I happen to know a bit about the old process, because I was a voting member of the Beard foundation’s Texas delegation for more than twenty years. I served as the state chair from 2012 to 2018, when I stepped down because I was thinking about retiring. (José Ralat was this year’s Texas chair.)

Back then, the dozen or so Texas judges (as they were then called) and I took our duties very seriously, but we had no structure and no money. We dined at promising restaurants and nominated the ones we admired. In seven years, six Texas chefs won Best Chef: Southwest—Tyson Cole of Uchi in Austin in 2011; Paul Qui of Uchiko in Austin in 2012; Chris Shepherd of Underbelly in Houston in 2014; Aaron Franklin of Franklin Barbecue in Austin in 2015; Justin Yu of Oxheart in Houston in 2016; and Hugo Ortega of Hugo’s in Houston in 2017. Prior to that, Texas had not had a winner since the 1990s. But the results were lacking in diversity: one chef was from Mexico, two were of Asian heritage. The rest were white and male.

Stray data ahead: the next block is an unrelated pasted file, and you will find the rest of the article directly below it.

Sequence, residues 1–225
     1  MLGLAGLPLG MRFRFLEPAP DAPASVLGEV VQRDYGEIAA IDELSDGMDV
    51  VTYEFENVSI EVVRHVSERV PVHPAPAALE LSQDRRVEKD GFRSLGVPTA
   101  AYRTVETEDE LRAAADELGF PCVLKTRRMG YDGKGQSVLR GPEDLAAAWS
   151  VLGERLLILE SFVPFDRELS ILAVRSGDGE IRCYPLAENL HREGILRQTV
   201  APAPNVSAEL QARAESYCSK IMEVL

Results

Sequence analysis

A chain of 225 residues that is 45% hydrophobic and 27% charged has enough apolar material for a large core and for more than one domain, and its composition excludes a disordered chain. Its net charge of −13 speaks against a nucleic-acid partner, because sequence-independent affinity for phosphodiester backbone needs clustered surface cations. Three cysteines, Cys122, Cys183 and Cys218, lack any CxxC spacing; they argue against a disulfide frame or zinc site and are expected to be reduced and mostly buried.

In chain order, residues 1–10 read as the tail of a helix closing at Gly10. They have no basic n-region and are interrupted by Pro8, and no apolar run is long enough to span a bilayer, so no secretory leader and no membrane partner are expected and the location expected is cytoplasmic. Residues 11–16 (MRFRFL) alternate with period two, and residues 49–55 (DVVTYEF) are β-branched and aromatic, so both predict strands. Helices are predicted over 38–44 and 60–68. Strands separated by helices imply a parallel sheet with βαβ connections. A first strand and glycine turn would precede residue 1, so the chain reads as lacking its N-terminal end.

Now, 25 judges have been subdivided into “scouts” and “tasters.” Scouts seek out new or unknown restaurants with potential and check them out. Tasters are assigned deeper dives, zeroing in on the most promising restaurants. Unlike the old days, their expenses are reimbursed (up to a point, of course; there is no unlimited dining on the Beard tab).